He moved for a new trial on Jan. 21, arguing among other points that District Judge Valerie Caproni should have excluded evidence about the Simmons Foundation.
"That evidence was irrelevant and compromised the fairness of the trial,” wrote his lawyers, Joel Cohen and Steven Molo of New York.
Gregg Kirkland, former chief executive of the Simmons firm, testified on Nov. 10.
His testimony showed that cancer researcher Richard Taub of Columbia University referred patients to the firm while the foundation gave money for Taub’s research.
Jurors had previously heard Taub testify that he referred patients to Silver while Silver awarded state research grants to Taub.
Jurors found Silver and Taub engaged in quid pro quo, and they convicted Silver of fraud, extortion and money laundering.
In the motion for new trial, Silver's lawyers objected to “irrelevant and prejudicial evidence suggesting that Dr. Taub exchanged patient referrals for donations with the Simmons Foundation.”
"That evidence improperly invited the jury to infer that Dr. Taub must have had the same sort of arrangement with Mr. Silver," they wrote.
They wrote that the foundation donated $3,150,000 to Taub’s research center.
"Following that donation, Dr. Taub referred mesothelioma patients to the Simmons law firm associated with that foundation," they wrote.
"The government introduced evidence showing that Simmons internally tracked the number of referrals it received from physicians to whom it had made donations.
“That evidence suggested that Dr. Taub and the Simmons Foundation had an arrangement to exchange referrals for donations.
"And the government’s obvious purpose in introducing the evidence was to create the impression that Dr. Taub must have had a similar quid pro quo arrangement with Mr. Silver as well.
“That line of questioning invited the jury to convict based on a false comparison. The Simmons Foundation is a private entity, and the money it gave Dr. Taub was a donation, not a grant.
"The funding that Dr. Taub received from the state, by contrast, was a grant subject to entirely different standards and processes.
“The Simmons evidence invited the jury to disregard that testimony and find that Dr. Taub must have been exchanging referrals for grants with Mr. Silver because he was exchanging referrals for donations with Simmons.”
Cohen and Molo separately argued that the government denied Silver a fair trial by introducing his annual statements of financial disclosure.
They wrote that he voluntarily revised them to clarify that his practice included fees from Weitz and Luxenberg, a New York asbestos firm.
“Mr. Silver’s disclosure forms were thus complete and correct. But even if the government disagreed, that would not justify making that collateral dispute a key issue in the case," they wrote.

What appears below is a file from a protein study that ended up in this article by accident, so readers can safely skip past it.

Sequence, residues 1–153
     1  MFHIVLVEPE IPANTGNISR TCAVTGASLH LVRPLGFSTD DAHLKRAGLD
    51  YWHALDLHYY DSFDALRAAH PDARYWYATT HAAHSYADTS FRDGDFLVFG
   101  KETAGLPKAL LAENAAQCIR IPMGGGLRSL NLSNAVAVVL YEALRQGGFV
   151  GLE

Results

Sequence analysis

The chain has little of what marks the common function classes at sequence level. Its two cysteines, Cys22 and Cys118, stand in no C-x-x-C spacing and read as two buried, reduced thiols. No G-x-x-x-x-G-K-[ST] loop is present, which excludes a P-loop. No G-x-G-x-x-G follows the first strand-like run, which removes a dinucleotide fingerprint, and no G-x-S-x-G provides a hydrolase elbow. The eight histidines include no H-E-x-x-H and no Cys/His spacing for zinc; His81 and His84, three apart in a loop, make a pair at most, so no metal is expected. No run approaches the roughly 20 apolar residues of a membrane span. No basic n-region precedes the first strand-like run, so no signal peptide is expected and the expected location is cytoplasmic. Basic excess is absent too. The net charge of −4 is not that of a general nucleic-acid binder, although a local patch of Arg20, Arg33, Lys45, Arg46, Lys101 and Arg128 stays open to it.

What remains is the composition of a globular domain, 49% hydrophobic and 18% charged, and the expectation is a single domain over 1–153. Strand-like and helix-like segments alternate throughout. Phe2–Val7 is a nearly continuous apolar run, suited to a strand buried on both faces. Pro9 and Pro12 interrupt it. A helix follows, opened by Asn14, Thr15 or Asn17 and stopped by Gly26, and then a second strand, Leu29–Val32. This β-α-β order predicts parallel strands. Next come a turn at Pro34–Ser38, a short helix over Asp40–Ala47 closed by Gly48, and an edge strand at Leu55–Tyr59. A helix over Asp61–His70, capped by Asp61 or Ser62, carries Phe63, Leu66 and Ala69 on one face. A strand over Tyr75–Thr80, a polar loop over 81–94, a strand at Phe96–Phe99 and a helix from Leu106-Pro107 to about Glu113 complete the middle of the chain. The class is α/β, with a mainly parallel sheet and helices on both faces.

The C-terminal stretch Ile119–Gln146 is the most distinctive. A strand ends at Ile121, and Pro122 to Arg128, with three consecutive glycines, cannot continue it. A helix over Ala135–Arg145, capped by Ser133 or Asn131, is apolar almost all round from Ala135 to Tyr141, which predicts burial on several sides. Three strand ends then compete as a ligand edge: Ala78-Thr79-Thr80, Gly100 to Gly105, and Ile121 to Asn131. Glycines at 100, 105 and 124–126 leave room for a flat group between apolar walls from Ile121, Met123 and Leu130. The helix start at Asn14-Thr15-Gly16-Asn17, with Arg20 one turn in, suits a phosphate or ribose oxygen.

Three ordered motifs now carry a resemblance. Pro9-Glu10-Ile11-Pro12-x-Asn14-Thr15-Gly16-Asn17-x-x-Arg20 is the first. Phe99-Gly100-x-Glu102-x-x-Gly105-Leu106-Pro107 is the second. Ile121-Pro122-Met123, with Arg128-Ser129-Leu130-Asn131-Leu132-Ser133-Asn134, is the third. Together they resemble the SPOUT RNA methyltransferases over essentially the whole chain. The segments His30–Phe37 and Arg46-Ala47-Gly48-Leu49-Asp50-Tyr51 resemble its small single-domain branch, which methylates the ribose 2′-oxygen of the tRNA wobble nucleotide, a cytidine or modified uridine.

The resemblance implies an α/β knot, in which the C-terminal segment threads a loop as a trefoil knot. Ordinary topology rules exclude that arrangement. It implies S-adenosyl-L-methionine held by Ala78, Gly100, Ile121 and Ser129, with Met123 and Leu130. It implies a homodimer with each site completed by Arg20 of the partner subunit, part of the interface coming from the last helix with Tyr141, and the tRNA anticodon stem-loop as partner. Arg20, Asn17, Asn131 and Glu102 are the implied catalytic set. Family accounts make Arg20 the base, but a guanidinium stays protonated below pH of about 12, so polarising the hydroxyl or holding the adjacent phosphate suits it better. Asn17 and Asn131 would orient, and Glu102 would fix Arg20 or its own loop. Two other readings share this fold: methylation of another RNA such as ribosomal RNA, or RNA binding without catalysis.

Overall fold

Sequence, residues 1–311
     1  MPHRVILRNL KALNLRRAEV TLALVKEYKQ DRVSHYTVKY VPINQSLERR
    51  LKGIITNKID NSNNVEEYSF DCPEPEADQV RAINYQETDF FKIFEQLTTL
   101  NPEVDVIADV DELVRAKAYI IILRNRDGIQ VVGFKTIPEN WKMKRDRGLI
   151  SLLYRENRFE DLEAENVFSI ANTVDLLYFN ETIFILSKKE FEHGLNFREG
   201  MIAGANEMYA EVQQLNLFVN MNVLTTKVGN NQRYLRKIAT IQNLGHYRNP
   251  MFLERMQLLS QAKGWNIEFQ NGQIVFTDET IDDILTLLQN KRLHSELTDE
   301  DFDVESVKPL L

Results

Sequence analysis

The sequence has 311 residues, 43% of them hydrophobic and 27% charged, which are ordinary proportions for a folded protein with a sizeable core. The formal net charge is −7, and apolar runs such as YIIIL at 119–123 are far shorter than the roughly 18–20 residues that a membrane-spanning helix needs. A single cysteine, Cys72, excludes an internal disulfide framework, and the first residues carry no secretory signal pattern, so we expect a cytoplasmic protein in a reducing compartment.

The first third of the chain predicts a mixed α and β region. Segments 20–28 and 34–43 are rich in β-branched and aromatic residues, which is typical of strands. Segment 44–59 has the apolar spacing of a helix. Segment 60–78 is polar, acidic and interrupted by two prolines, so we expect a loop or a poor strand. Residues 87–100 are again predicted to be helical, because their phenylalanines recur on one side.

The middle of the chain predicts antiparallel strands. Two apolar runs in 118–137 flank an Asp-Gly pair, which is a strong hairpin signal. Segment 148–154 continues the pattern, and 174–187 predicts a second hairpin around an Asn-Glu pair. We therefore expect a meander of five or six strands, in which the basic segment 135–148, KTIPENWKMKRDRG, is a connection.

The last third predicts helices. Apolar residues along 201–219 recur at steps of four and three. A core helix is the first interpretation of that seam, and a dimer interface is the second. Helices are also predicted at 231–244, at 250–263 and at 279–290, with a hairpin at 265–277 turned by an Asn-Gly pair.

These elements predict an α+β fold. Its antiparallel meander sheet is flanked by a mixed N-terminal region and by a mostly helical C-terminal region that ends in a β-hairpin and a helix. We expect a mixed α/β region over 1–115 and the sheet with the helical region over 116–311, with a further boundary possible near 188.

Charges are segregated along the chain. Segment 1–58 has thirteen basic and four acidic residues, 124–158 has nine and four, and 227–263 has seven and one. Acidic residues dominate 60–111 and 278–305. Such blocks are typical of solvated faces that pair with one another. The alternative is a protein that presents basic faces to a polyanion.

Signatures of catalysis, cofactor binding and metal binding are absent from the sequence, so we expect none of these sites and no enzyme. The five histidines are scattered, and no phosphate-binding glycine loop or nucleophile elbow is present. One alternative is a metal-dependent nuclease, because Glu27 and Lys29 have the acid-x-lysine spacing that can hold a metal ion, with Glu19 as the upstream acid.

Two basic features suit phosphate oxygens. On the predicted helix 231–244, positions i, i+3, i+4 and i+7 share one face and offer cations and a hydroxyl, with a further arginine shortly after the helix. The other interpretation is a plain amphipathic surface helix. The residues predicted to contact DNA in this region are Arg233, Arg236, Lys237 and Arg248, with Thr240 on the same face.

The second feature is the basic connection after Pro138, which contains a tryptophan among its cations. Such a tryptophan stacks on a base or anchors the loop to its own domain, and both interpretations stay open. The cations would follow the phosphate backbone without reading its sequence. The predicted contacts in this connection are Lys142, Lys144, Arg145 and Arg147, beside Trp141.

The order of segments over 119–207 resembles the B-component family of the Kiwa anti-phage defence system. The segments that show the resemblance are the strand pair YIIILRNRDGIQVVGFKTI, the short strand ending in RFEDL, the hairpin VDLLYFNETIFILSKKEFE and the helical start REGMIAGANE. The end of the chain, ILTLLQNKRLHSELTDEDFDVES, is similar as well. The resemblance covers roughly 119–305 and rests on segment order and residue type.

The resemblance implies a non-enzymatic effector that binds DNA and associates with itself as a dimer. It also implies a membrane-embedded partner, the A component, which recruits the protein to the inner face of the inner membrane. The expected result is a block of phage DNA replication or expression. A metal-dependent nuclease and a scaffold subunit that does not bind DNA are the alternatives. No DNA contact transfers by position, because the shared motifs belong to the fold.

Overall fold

"According to press reports, one juror actually changed her mind and agreed to convict Mr. Silver based on the disclosure forms.”
They also objected to evidence about campaign contributions Silver received from a company he favored in real estate transactions.
"Campaign contributions are a divisive and controversial topic. For that reason, courts have recognized that they are inherently prejudicial," they wrote.
"The campaign contribution evidence invited the jury to conclude that New York politics is awash with money, and that Mr. Silver, along with other New York State legislators, was beholden to outside money generally and real estate developers specifically.”
On the same date, aiming even higher, Silver asked Caproni to acquit him.
"No rational trier of fact could have found Mr. Silver guilty of the charges against him,” Cohen and Molo wrote.
"No witness testified to any sort of agreement with Mr. Silver to receive a benefit in exchange for an official act," they wrote.
“Nor did any witness testify that Mr. Silver used his political office to deprive them of such a benefit.
“The evidence showed that Dr. Taub sent Mr. Silver referrals for legitimate reasons, not least of which was that Weitz and Luxenberg was a top asbestos firm.”
They wrote that Taub testified that he hoped Silver would convince Weitz and Luxenberg, not the state, to fund mesothelioma research.
A footnote tied the acquittal motion to the new trial motion.
"Mr. Silver requests that, upon granting the instant motion, the court also conditionally grant his motion for a new trial pursuant to Rule 33 in the event that the judgment of acquittal is later vacated or reversed," they wrote.
Robert Kry and Justin Shur of New York City also worked on the motions.
Caproni has set Silver’s sentencing in April.